UNISON calls for careers service cuts to be reversed
In a submission to the Department for Education’s consultation on careers guidance for young people, UNISON, the UK’s largest union, is calling for cuts to this vital service to be reversed.
Thousands of jobs have been cut from the careers service, with many more still facing the axe. Tens of thousands of young people now have no access to face-to-face careers guidance, just when the bleak jobs market means they need it most.
The government claims that a new all age National Careers Service (NCS) and in-school provision will replace the existing service, but the union is warning that it will not happen unless the government steps in to fund the service properly.
Dave Prentis, UNISON General Secretary, said:
“This government is sacrificing young people’s futures by withdrawing decent careers guidance. Faced with a bleak jobs market, young people need a decent careers service now more than ever. But in many towns and cities across the country they will now find closed doors where their careers office used to be.
“The government cannot just tell schools that they have to do more – young people deserve better. We are urging the government to step up, provide sufficient resources, and help restore the high quality careers services that young people need.”
The union is also warning the government that a damaging postcode lottery is developing. In Birmingham, a city within the top 20 youth unemployment hotspots, the budget for careers services has fallen from £11m to £3.8m since 2010. More than two-thirds of the staff have lost their jobs and only one advice centre remains open.
In six London boroughs - Kingston, Merton, Sutton, Richmond, Croydon and Bromley - all the Connexions offices have been closed. In Hull the staffing levels of careers advisers has been reduced from 81 to 18.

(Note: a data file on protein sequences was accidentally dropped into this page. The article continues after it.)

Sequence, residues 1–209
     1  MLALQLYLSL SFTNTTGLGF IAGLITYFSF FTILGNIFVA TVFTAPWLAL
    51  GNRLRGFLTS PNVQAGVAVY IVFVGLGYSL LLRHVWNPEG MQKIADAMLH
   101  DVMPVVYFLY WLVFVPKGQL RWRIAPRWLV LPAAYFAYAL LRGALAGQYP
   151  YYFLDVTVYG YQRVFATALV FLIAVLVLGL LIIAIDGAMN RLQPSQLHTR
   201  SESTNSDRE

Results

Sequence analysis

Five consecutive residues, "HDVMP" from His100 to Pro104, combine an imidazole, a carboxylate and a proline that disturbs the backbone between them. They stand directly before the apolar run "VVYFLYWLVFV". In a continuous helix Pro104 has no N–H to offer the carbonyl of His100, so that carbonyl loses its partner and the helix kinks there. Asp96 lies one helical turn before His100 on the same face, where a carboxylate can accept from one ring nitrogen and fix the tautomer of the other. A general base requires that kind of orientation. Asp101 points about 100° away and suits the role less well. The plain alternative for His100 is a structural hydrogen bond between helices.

UNISON supports the proposals to extend the new statutory duty on schools, sixth form colleges and further education institutions to provide careers advice, so that pupils all the way from 12 to 18 benefit from it. However, the union has made it clear that the extension of the statutory duty will fail, unless the Government re-considers its approach to the actual provision of careers services.
Notes to Editors
1. The Education Act 2011 places a new statutory duty on schools to secure access to independent careers guidance for all pupils in years 9 to 11 from September 2012. This should include information on all the options available in 16-18 education and training, including apprenticeships, and should be impartial and independent, and this is defined as ‘provided by persons other than those employed at the school’. In-house provision must be complemented by external support, which includes face-to-face guidance but only for those whom schools alone decide need it.
2. Local Authorities, due to financial pressures, made massive cuts in careers services provision in both 2010/11 and 2011/12. Research in 2011 has shown that by July 2011 about 4,000 staff had been made redundant already and a further 4,000 were at risk over the next year. Advice centres and services have closed. This happened before the new careers service had been designed and before the implementation of the Education Act that transferred commissioning responsibility from Local authorities to schools from September 2012. In many cases this could contravene the current statutory minimum service levels expected.
3. Tens of thousands of young people effectively have no access to ‘face to face’ career guidance services and in some Local Authorities, no service is being provided at all. Current 14-19 pupils will without doubt, be the least informed about their future career options in a generation, at a time when the Government has radically changed the education and training environment by; abolishing the Education Maintenance Allowance and the Future Jobs Fund, raising HE tuition fees, reducing the number of HE / FE places An important message for parents of children currently in Year 10 or Year 11:for the year 2011/12 career guidance services will be a geographical lottery. In some areas young people leaving compulsory education will have no access to independent, expert career guidance at all.
UNISON Response to DfE Consultation <http://www.unison.org.uk/file/A14601.doc>